There seems to be an obsession these days with the concept of a positive mindset.
Everyone wants to be happy, and everyone wants to be positive. Positivity is the answer to everything, right? Positivity alone will save the world.
Striving to be happy or positive 24/7 isn’t a realistic goal. You can’t be positive all the time, and it’s unrealistic to hold that as an expectation for yourself and others.
Everyone has their struggles, and even if you are a generally positive person, you can still experience moments of negativity. In fact, the fear of having a negative mindset can cause more negativity and make us think we’re failing at life because we’re not as positive as others are.
I’m here to tell you that you don’t have to obsess about having a positive mindset.
Positivity is not the be-all-end-all, and there are other goals to strive toward. Today, I’m sharing what you should focus on instead to improve your mindset in a healthy way.
The Problem With The Positivity Focus
The trouble with focusing solely on having a positive mindset is this: when you’re faced with a situation that makes you feel less than positive, you feel bad about YOURSELF for not being able to stay positive.
It’s an endless cycle that leads to further negativity.
The cycle ends up looking like this: Have negative thought → Feel bad about yourself for having negative thought → More negative thoughts
We can try and force ourselves to think in positives, but sometimes that can make us feel worse than if we just accepted our situation.
I’m sure you’ve dealt with something that felt like the end of the world only to have someone say:
- “Look on the bright side.”
- “Other people don’t have it as good as you.”
- “bE gRatEfUl foR wHaT yOu Have!!1” <— that’s an exaggeration, but sometimes it feels like people are talking like this.
If you can’t find it in you to be positive in that moment, does that mean you’ve failed? Is the goal to eradicate all negativity?
My friend Sarah wrote a great post about why she no longer focuses on being positive. She explains that, “It’s really hard to run while holding your breath and it’s really hard to move through grief, adapt to change, and work through frustration if you try to sugarcoat it with striving to choose happiness over giving yourself permission to feel various emotions, thoughts, and feelings.”
There is power in letting yourself feel without trying to immediately find the light at the end of the tunnel. We are allowed to feel emotions other than happiness.
There’s a reason the human spectrum of emotion is so vast.
I’m not saying there’s no point in practicing gratitude and affirmations. I don’t want to downplay the importance of reframing negative experiences into something productive and healthy.
But trying to force a positive out of a negative doesn’t always get to the root of the issue. Gratitude and affirmations shouldn’t have to feel forced. The ultimate goal is to be at one with your emotions, both the negative and positive.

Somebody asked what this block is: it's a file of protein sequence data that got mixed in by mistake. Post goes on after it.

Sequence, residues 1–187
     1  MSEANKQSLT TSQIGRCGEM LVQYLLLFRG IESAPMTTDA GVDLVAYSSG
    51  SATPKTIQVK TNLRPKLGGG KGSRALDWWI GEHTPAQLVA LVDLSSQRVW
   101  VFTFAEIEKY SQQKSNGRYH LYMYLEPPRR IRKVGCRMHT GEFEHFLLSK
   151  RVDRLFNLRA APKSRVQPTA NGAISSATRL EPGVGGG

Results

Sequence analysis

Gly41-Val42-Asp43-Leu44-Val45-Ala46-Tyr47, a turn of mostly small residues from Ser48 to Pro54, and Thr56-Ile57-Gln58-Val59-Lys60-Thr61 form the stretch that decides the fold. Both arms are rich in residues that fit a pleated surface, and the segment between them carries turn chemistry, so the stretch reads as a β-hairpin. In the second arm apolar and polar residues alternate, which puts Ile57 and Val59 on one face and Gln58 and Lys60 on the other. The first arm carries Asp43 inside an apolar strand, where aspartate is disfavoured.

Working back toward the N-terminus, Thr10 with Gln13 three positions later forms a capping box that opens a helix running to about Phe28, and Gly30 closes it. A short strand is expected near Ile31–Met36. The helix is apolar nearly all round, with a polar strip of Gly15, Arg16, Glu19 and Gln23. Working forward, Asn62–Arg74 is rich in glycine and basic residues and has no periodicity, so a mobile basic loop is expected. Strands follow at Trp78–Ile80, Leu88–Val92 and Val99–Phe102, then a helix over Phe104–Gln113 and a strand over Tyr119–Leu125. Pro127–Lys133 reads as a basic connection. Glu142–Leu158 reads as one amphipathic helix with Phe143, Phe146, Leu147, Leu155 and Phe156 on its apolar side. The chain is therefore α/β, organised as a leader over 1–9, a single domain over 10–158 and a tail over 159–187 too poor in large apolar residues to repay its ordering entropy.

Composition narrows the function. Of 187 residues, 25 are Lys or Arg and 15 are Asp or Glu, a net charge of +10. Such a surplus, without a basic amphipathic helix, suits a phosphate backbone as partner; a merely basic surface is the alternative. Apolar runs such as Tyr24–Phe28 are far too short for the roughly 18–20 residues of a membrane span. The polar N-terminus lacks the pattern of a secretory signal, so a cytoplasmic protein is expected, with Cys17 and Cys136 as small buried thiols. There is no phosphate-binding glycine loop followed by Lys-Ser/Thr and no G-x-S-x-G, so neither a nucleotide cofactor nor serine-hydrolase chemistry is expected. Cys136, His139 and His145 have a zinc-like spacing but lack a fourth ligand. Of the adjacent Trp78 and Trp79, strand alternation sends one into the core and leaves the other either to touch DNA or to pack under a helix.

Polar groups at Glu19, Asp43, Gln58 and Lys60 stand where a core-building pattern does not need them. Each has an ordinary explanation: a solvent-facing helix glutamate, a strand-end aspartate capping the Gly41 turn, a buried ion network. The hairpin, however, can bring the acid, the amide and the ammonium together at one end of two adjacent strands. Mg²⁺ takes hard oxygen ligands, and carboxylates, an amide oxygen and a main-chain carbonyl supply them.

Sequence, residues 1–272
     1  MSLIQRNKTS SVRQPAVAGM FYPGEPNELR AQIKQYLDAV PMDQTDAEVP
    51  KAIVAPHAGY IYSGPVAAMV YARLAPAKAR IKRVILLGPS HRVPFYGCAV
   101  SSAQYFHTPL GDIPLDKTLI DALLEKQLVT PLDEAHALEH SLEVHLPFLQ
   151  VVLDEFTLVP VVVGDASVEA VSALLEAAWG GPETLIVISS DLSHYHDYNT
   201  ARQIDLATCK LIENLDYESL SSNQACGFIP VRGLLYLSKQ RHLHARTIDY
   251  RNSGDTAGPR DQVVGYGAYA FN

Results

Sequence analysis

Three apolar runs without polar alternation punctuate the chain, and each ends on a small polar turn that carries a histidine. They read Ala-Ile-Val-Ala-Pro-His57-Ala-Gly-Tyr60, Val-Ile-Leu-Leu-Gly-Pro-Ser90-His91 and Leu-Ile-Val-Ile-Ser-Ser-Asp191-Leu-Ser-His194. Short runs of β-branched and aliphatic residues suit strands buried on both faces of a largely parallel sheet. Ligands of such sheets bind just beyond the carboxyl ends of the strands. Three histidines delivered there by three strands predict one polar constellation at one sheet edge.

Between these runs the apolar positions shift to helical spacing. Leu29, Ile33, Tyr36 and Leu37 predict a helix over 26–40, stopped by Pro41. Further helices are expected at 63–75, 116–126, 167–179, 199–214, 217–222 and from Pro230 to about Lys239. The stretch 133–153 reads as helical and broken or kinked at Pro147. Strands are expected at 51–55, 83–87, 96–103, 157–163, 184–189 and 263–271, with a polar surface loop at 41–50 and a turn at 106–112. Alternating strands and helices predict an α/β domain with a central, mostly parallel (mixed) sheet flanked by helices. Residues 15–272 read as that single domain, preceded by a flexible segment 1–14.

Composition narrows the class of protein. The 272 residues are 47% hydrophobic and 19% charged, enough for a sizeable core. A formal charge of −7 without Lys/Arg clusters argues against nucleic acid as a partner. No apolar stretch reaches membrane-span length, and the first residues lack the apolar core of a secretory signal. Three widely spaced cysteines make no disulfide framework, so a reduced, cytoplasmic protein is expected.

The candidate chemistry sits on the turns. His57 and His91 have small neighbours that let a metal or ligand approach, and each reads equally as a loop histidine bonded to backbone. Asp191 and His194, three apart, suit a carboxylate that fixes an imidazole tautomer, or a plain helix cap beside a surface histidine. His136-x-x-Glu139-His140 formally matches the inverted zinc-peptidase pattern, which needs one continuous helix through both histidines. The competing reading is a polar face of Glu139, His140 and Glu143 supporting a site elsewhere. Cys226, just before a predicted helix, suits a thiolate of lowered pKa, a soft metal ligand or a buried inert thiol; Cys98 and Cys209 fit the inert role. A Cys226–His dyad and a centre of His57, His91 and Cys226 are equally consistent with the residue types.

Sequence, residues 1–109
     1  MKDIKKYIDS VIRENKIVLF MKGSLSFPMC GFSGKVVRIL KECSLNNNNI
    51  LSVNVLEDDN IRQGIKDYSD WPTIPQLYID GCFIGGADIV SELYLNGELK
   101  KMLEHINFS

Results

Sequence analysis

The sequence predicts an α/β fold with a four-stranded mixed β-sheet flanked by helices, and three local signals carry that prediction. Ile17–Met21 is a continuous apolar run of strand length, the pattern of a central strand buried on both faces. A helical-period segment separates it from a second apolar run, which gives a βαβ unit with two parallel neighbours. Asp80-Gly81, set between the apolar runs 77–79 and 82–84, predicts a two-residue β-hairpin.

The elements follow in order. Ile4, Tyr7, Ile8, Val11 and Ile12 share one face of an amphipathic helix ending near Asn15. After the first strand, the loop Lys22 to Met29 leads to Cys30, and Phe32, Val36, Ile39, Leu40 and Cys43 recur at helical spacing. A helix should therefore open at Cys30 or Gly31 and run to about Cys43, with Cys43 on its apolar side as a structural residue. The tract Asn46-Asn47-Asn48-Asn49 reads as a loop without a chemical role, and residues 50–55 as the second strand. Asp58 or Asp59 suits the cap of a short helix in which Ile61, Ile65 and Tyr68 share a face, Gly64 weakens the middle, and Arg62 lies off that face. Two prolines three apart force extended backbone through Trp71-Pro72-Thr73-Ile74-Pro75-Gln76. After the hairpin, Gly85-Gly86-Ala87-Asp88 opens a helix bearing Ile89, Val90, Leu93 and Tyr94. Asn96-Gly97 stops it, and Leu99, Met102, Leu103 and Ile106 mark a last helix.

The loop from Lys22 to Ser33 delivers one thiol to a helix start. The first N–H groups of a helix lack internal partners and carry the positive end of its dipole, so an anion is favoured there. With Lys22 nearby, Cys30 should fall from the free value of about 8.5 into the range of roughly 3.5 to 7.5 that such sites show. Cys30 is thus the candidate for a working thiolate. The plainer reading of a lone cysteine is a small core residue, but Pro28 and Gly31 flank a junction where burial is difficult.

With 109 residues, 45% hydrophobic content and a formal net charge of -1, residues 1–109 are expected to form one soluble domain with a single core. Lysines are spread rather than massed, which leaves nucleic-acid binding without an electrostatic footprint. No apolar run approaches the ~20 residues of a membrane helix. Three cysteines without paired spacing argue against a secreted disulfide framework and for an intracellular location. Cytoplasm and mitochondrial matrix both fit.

What To Focus On Instead
Humor me for a second and forget everything you’ve heard about a positive mindset.
Instead, what if we strive for a ‘healthy’ mindset?
Of course, there are so many different meanings to the word healthy, especially when it comes to physical health. But to me, there are two things we can strive for to build a healthy mindset:
Awareness and growth encourage you to uplift your mindset without pushing away the heavy stuff. They help you understand what’s going on within you and identify ways that you can keep moving forward.
When you experience a thought you consider to be “negative”, it’s important not to beat yourself up for thinking that way. This can lead to resentment and feeling like you’re failing yourself.
Instead, bring awareness to what you’re thinking. Learn to be aware without judging yourself for what you’re thinking.
Pay close attention to the way you think about yourself and others. Accept the thoughts you have and continue moving on with your day without letting them derail you.
Whatever’s causing you to feel negative in your life, remember to give yourself grace. It’s not permanent. It’s only a feeling. You are not your thoughts, and your thoughts are not always the truth.
Awareness also helps us to realize when we are having good and positive thoughts. If you spend all of your time believing that you only think negative thoughts, you’ll miss the times when good thoughts do come your way. Meditation and journaling are great tools for improving your awareness.
The idea of a growth mindset comes from Carol Dweck’s book, Mindset. Dweck talks about how some people have a fixed mindset and others have a growth mindset.
Those with a fixed mindset believe that you’re born the way you are and things can’t really change. They also believe that situations are fixed and there are no better options. Those with a growth mindset believe that things can always be learned. They believe that anything can be achieved if you put in the time and effort.
When you have a growth mindset, you ask yourself how you can move on from negative experiences. Rather than trying to force it into a positive experience, you ask, “How can I grow from this?” or “What is this teaching me right now?”
We’re all human, and we all experience dark, deep, and intense thoughts. Don’t be afraid to dig into them and see what you can learn from them.
Do you agree with this post?
I hope this post has challenged you to think outside of the box and recognize that you don’t always need to strive for positivity. Think of a healthy mindset as the ultimate goal because it encourages positivity through growth and awareness.
Try to bring awareness to your thoughts, and allow yourself to grow from them rather than pushing them aside.